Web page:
Truth, Inspiration, Hope.

Trump, Biden Dominate Super Tuesday, Nikki Haley Suspends Campaign Without Endorsing Trump

Published: March 6, 2024
Former US President and 2024 presidential hopeful Donald Trump attends a Super Tuesday election night watch party at Mar-a-Lago Club in Palm Beach, Florida, on March 5, 2024. (Image: CHANDAN KHANNA/AFP via Getty Images)

This election cycle’s Super Tuesday (March 5) unfolded as anticipated, with Donald Trump winning the vast majority of Republican delegates in 14 states, Biden proceeding essentially unchallenged, and Trump’s only remaining opponent, Nikki Haley, suspending her campaign.

On the Republican side, Trump won 14 of 15 states, losing only in Vermont where Nikki Haley walked away with 50.1 percent of the vote to Trump’s 45.9 percent. 

Vermont was a close race, with Haley taking around 3,000 votes more than Trump.

Trump dominated in every other state, securing solid wins in Virginia, North Carolina, Arkansas, Alabama, Maine, Massachusetts, Oklahoma, Tennessee, Colorado, Minnesota, Texas, California, Utah, and Alaska.

In Texas, the former president won with 77.9 percent of the vote to Haley’s 17.4 percent; in California, he garnered 78.6 percent of the vote compared to Haley’s 17.9 percent.

Tuesday’s elections had the largest number of Republican delegates up for grabs on a single day and Trump walked away with the mass majority of them. In total, 865 delegates were at stake and, with Trump winning all but one of the primaries and caucuses held, he secured an estimated 777 delegates. 

While Trump has not officially won the Republican nomination, with no major opponent left in the race and commanding wins in nearly every state so far, it is expected that he will run as the Republican nominee in his third presidential election this November. 

Voter turnout was low in many of the primary races. According to Politico, in California, only eight percent of its 22 million voters returned their mail-in ballots a week before voting day and only two percent of the coveted voter cohort of 18 to 34-year-olds returned their ballots during the same period. 

Minnesota’s secretary of state, Steve Simon, told reporters on Tuesday that the low voter turnout does not necessarily reflect how the turnout will be in November.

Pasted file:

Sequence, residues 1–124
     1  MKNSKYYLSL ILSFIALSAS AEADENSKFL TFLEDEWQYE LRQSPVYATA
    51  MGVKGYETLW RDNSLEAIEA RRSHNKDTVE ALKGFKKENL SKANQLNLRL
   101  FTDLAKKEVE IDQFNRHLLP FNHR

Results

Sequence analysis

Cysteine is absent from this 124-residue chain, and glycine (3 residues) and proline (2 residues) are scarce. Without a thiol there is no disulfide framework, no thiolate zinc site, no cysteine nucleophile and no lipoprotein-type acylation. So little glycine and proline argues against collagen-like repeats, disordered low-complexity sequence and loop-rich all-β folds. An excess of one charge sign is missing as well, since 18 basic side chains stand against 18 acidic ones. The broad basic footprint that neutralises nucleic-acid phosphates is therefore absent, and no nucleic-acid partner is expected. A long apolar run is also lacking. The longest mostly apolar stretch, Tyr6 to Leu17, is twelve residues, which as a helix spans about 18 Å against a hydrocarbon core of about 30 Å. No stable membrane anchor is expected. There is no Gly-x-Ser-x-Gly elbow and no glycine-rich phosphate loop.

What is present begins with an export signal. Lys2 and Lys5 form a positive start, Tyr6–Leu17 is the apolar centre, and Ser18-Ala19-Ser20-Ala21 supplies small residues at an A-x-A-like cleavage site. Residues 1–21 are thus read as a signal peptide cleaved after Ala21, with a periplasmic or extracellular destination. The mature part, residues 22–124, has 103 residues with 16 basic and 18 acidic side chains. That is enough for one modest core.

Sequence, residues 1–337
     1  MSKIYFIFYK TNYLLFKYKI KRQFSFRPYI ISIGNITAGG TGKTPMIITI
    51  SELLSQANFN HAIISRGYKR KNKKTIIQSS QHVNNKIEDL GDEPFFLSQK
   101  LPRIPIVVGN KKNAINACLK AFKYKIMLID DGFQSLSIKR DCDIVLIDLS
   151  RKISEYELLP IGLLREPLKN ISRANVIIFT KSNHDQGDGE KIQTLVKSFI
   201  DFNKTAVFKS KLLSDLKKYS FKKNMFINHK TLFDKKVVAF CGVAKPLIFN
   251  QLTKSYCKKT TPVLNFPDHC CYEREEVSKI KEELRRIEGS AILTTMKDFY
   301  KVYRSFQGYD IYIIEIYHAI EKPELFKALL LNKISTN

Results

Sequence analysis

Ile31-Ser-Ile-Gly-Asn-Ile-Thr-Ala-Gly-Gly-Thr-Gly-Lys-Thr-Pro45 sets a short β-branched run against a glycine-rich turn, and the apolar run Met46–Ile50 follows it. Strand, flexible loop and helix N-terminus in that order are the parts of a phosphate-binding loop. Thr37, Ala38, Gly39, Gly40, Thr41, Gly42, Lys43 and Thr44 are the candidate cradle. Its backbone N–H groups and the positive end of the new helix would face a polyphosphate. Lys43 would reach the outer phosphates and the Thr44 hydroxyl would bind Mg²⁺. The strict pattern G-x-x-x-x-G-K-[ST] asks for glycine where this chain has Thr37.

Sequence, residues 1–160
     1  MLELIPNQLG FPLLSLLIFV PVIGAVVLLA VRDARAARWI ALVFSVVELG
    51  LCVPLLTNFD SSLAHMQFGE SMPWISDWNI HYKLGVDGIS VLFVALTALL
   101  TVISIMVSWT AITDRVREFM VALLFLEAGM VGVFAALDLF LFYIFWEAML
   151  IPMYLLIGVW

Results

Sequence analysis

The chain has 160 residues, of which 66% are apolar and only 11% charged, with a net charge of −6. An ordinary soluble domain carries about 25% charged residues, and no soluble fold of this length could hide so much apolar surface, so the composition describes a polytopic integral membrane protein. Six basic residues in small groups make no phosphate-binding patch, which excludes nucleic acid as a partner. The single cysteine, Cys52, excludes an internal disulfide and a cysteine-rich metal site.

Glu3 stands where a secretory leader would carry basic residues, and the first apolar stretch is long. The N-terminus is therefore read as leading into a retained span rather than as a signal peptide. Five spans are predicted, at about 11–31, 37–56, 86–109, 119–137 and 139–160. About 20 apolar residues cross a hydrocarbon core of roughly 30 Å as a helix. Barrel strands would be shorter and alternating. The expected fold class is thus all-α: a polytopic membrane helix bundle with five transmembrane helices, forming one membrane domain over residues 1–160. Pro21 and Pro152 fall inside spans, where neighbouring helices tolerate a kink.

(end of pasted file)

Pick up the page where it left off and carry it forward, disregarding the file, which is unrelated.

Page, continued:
“Over the last many years, there has been virtually no connection, virtually none, between early in the year primary turnout and general election turnout,” Simon said. 


Biden the clear Democratic winner

Despite speculation that Democrats want to run another candidate this November, Biden easily won nearly every race on Tuesday.

That odd loss was in the American Samoa Democratic primary where he lost to a little-known candidate, Jason Palmer, who, with 99 percent of the vote counted, received 56 percent of the vote to Biden’s 44 percent.

The loss is being described as “inconsequential,” but it made Biden the first incumbent president to lose a primary election in 44 years.

Only 91 ballots were cast in the American Samoa primary and campaign finance records show that Palmer loaned his presidential campaign over $500,000 of his own money.  

Palmer told ABC News that “it feels great” to win and that his win sends a message to the Biden administration.

“This is the message that Joe Biden needs to hear that the American people want to pass the torch to the next generation,” Palmer said. “And so I thank the people of American Samoa for stepping up to make that statement for the rest of America.”

“You’re sending a strong message to Joe Biden that he’s been a great public servant for the last 50 years, but it’s time to pass the torch,” he said. “I think a larger percentage of Americans, based on the polls I’ve seen, want Joe Biden to do the right thing and step back and pass the torch to the next generation of Americans. And you know, that could be me, but that could equally be people like Gretchen Whitmer, Jared Polis, Gavin Newsom.” 


Haley steps aside

Despite winning her first state, it was clear following the Super Tuesday vote that Trump, not Haley, will be the likely Republican nominee.

The former U.N. ambassador and South Carolina governor had only won one other race this season, the District of Columbia, in last week’s primary. 

On Tuesday, she fell short in states like Virginia where she was expected to do well among college-educated suburban voters.

Haley, who has repeatedly said that Trump cannot win November’s general election, has not endorsed Trump and instead urged him to work to win the support of the moderate Republicans and independent voters who supported her. 

Trump, in his typical fashion, took to his social media platform, Truth Social, to react to the results.

“Nikki Haley got TROUNCED last night, in record setting fashion, despite the fact that Democrats, for reasons unknown, are allowed to vote in Vermont, and various other Republican Primaries,” Trump wrote. “Much of her money came from Radical Left Democrats, as did many of her voters, almost 50%, according to the polls,” Trump claimed.

There are still a number of delegates up for grabs, with primary elections still scheduled to move forward in several states over the coming weeks and months.

On March 12, Georgia, Mississippi and Washington will hold both Democratic and Republican primaries, and on March 19, Arizona, Florida, Illinois, Kansas, and Ohio will as well.

Other primaries and caucuses are currently scheduled out to at least June 25, and the 2024 RNC Convention, where the Republican nominee will be officially announced, is scheduled to be held from July 15 to 18.